One of the main livelihood projects at JRS Kenya is the Mikono Craft Shop, which sells refugee-made handicrafts like handbags, wood sculptures, paintings, jewellery, and peanut butter. The products are all handcrafted at the Nairobi JRS compound by refugees who took part in JRS vocational training or benefitted from a micro-loan to jumpstart an income generating activity. Selling their products at Mikono serves as an important source of income.
As most businesses, Mikono has suffered from the effects and restrictions caused by COVID-19. At JRS, we have been trying to find solutions to adapt to the new situation as well as possible. Our biggest challenge is finalizing the development of a stable and well-functioning online shop, that enables us to offer suppliers a platform to sell their items, even if the front-door is closed. An e-commerce site will open Mikono not just to Kenya, but to the whole world.
Teddy Salimocurrently runs the Mikono Shop. Teddy and his team have been working hard and devote a lot of time and energy to bringing this project to the next level.
How did the Mikono Shop project started?
The project started in the early 90’s thanks toJames Martin SJ, with the main goal to link the skills and the products of the refugees with the local market. And since then, it has become a key source of income for many of the refugees who sell their products there.
Why do you consider Mikono an important asset to accompany refugees?
Every item shelved at the shop is a positive indicator of viable livelihood JRS interventions. Mikono is a place where the promotion of refugees’ self-reliance is achieved. The shop has enabled refugees to turn their talents into a profession to earn a living. Refugees can get deserving prices for their products. Through frequent market studies conducted by JRS, we ensure that the price is fair for both the supplier and the customer.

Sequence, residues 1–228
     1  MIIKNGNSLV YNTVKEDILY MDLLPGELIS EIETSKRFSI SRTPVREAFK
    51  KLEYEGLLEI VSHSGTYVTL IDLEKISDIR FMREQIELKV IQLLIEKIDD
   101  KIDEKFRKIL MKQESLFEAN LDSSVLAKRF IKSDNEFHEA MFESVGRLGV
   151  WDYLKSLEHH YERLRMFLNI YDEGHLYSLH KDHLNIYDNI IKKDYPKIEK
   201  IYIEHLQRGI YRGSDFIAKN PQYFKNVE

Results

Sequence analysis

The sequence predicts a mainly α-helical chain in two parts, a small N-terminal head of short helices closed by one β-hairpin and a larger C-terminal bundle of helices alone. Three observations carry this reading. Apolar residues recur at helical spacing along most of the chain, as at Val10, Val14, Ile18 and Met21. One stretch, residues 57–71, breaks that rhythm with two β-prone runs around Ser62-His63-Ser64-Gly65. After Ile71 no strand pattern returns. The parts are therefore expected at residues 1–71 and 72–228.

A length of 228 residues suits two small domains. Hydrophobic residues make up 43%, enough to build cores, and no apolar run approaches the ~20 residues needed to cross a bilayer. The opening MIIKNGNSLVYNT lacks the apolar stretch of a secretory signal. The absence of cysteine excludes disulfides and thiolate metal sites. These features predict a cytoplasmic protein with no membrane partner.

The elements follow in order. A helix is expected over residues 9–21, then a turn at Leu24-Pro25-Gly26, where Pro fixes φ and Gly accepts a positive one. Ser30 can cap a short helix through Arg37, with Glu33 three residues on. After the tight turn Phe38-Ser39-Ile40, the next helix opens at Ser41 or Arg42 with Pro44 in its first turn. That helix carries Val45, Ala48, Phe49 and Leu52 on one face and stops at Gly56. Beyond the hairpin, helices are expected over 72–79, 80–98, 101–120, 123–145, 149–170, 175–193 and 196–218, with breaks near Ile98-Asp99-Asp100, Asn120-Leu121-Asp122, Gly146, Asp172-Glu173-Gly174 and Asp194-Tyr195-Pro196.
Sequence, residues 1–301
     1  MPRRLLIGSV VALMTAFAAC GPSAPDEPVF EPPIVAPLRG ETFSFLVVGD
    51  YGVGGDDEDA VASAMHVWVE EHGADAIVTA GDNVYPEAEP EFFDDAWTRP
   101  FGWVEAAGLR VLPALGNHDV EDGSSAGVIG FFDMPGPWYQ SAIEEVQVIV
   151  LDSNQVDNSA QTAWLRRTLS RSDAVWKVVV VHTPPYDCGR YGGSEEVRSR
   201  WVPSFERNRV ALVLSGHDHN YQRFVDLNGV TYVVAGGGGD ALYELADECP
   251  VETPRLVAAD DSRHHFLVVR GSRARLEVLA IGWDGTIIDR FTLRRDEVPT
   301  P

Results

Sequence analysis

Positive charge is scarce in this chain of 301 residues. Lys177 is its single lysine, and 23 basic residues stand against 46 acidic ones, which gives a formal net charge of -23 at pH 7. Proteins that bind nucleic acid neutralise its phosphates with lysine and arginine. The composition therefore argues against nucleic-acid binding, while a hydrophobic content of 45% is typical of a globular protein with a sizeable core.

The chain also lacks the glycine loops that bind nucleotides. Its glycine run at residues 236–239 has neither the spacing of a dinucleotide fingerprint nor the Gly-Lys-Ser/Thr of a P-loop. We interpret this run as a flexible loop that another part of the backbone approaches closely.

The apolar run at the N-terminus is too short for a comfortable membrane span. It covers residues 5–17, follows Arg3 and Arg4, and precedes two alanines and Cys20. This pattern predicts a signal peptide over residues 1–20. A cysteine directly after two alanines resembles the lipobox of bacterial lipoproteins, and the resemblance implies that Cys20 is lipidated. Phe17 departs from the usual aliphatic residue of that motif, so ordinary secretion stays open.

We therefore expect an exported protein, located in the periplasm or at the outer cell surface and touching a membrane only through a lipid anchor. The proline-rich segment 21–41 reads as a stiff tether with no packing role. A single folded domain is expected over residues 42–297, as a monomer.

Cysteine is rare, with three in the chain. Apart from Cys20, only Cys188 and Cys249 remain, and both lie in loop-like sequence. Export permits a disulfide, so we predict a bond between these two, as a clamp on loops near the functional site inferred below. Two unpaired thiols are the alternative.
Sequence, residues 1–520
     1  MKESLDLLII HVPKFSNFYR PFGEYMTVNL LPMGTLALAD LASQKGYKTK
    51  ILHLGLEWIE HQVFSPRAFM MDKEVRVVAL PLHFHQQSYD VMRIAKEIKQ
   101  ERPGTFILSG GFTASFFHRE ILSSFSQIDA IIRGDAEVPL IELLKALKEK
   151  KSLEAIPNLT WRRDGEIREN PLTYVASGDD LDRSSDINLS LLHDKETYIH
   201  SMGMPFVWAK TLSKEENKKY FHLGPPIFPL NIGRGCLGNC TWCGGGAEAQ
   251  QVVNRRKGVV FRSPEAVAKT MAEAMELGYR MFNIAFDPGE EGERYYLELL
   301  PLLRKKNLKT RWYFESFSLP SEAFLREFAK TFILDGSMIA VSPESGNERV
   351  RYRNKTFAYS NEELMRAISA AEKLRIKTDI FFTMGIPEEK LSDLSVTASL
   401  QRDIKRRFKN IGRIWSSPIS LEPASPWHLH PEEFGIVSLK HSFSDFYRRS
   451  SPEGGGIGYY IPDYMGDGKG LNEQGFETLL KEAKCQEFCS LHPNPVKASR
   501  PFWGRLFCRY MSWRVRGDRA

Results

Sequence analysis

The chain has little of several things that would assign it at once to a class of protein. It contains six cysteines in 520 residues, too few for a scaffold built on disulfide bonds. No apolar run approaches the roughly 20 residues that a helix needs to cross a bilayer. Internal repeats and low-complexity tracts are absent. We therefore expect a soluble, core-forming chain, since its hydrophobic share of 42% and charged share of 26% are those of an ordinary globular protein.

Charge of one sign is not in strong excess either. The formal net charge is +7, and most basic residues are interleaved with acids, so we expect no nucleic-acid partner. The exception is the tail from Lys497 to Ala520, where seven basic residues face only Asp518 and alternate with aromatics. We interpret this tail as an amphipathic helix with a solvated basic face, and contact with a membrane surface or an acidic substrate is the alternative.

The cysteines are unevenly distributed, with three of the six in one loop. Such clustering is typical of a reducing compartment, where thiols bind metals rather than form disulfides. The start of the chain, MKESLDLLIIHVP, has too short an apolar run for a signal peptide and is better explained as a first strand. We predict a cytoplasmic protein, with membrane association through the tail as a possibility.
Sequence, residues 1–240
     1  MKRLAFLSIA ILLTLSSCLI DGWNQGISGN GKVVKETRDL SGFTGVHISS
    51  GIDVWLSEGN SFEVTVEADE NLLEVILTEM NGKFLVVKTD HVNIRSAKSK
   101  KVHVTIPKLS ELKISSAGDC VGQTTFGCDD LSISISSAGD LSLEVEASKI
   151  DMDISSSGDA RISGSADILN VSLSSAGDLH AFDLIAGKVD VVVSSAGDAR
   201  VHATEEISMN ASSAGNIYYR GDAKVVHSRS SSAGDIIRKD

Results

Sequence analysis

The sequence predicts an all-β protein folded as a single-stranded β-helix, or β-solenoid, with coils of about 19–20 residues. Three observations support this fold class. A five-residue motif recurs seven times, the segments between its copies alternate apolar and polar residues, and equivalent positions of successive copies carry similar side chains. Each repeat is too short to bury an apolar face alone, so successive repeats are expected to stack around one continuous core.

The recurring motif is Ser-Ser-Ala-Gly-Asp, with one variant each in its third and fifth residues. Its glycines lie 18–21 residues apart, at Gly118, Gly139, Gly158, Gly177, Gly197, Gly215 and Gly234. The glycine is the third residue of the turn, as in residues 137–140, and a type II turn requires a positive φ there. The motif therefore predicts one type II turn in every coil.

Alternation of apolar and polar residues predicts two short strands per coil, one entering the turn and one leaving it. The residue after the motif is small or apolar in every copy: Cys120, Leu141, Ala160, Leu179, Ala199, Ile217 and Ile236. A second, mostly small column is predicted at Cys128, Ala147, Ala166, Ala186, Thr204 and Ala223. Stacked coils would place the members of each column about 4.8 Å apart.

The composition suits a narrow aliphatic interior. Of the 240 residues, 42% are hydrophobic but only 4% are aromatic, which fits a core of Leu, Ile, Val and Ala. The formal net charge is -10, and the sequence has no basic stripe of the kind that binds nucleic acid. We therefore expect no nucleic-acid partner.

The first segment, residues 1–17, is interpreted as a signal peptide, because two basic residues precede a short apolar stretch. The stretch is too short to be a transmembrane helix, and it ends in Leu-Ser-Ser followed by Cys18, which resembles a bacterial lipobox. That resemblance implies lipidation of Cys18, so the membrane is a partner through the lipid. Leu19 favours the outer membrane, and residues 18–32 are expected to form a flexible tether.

Could you describe Mikono and its duty in some words?
Mikono is a source of resilience, it gives refugees access to the market and a means to support their families. Its continuity proves the success of this project. It has engaged families for nearly 30 years, some of them since its beginning.
How has COVID affected the activity at Mikono?
We stopped accepting deliveries from suppliers and closed the shop, following the government recommendations. Because of this, we have not recorded any sales at the shop since March 20th. This negatively affects the living conditions of more than 60% of suppliers who depend on the shop as their only source of livelihood. Suppliers have eaten into their business capital, and the exploration of new physical marketplaces has ceased.
Where do you see the project in 5 years from now?
Having a fully successful e-commerce platform that will enable us to meet each client’s needs from any part of the world. The project will be self-reliant and open up doors for more refugee-made products!
What has brought Mikono to you?
Working with refugees has made me humbler. Working at Mikono has taught me to take everybody as they are, and learn to work with people with different capabilities, and with different needs and backgrounds.
Having the same space for so many different profiles of suppliers made me understand their limitations and their differences, and therefore learn how to be tolerant and do my best to ensure that they all have equal opportunities, and that no-one is left behind.
Despite always keeping a professional relationship, to give equal opportunities, I have developed closer relations with the suppliers. I learned about their possibilities, about the needs of their families, and about their challenges. I always try to keep a constant and close relationship with all of them, some of whom I have been working with for many years.